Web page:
Saturday, April 17, 2010

Music in the New Missal

For a 20 page pdf that explains the musical rational included in the New Missal, look here.

Thanks to that ever stylish David Alexander for passing it along.


UPDATE:  Forgot to add, I'll add more links and write up some more reflections later today from the two day workshop on the new Missal, for now, if you haven't, check the twitter feed on the right for some other useful links and info.

1 comment:

Theresa said...

Thanks for the tweets, Father. I am very interested in reading any other info you have on the workshop. I have read the anticipated changes for the people's parts at the USCCB website and was surprised at how minimal they are given all the hype over the new changes. One thing that puzzles a number of people is why the change from "And also with you" to "And with your spirit." I realize that the latter is more true to the Latin, but why was that said in Latin, what was meant, what are we saying? The USCCB website offered some insight there also: http://www.usccb.org/romanmissal/translating_notes.shtml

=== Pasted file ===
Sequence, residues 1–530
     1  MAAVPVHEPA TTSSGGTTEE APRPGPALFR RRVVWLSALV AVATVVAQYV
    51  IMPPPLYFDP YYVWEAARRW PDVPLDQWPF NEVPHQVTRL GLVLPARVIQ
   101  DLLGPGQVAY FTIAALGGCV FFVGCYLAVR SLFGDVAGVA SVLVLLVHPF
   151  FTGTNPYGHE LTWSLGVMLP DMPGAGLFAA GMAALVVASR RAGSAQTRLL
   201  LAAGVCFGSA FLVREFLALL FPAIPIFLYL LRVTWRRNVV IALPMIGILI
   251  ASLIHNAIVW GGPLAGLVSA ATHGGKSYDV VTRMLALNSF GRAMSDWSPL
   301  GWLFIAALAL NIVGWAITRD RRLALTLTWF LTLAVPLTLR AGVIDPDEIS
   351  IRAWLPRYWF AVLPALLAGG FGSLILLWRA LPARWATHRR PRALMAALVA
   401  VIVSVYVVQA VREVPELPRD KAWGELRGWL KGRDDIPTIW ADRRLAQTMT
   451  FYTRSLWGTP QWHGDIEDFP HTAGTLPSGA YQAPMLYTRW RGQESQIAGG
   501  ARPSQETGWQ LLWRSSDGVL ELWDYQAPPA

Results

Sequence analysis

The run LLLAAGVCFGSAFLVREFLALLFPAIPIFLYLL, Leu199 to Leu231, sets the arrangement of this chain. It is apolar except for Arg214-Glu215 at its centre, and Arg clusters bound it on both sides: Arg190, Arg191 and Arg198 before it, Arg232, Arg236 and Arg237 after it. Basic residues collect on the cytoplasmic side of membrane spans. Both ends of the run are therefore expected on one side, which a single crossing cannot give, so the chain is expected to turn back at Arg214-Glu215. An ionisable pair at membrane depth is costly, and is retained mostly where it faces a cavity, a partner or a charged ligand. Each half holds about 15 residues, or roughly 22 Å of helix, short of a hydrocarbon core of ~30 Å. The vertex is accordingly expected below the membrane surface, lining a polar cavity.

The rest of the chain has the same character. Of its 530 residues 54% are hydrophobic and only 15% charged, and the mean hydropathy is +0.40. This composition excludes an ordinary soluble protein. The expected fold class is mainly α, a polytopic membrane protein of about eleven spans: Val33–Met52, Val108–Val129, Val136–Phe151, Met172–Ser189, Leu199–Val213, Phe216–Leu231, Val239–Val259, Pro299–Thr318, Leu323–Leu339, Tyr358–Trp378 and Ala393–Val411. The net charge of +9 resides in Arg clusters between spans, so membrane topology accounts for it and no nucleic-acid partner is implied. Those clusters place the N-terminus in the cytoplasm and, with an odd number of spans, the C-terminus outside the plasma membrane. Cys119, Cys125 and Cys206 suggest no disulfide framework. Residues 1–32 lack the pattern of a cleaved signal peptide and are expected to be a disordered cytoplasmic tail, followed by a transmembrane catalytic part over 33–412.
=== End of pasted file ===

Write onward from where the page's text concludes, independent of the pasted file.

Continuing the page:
What does the priest mean when he says “The Lord be with you”?
By greeting the people with the words “The Lord be with you,” the priest expresses his desire that the dynamic activity of God’s spirit be given to the people of God, enabling them to do the work of transforming the world that God has entrusted to them.

What do the people mean when they respond “and with your spirit”?
The expression et cum spiritu tuo is only addressed to an ordained minister. Some scholars have suggested that spiritu refers to the gift of the spirit he received at ordination. In their response, the people assure the priest of the same divine assistance of God’s spirit and, more specifically, help for the priest to use the charismatic gifts given to him in ordination and in so doing to fulfill his prophetic function in the Church.